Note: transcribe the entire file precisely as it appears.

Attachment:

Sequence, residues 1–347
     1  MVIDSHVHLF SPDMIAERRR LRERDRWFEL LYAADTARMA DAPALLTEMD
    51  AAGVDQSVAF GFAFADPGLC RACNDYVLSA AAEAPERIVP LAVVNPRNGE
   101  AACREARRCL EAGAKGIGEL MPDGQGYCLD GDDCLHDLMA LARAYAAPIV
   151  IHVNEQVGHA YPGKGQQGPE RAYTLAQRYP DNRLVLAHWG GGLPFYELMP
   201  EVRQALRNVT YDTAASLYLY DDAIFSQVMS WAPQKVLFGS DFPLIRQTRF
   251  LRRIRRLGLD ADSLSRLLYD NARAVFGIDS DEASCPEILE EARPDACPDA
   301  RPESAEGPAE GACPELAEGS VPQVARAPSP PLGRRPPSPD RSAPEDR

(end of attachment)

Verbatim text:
Sequence, residues 1–347
     1  MVIDSHVHLF SPDMIAERRR LRERDRWFEL LYAADTARMA DAPALLTEMD
    51  AAGVDQSVAF GFAFADPGLC RACNDYVLSA AAEAPERIVP LAVVNPRNGE
   101  AACREARRCL EAGAKGIGEL MPDGQGYCLD GDDCLHDLMA LARAYAAPIV
   151  IHVNEQVGHA YPGKGQQGPE RAYTLAQRYP DNRLVLAHWG GGLPFYELMP
   201  EVRQALRNVT YDTAASLYLY DDAIFSQVMS WAPQKVLFGS DFPLIRQTRF
   251  LRRIRRLGLD ADSLSRLLYD NARAVFGIDS DEASCPEILE EARPDACPDA
   301  RPESAEGPAE GACPELAEGS VPQVARAPSP PLGRRPPSPD RSAPEDR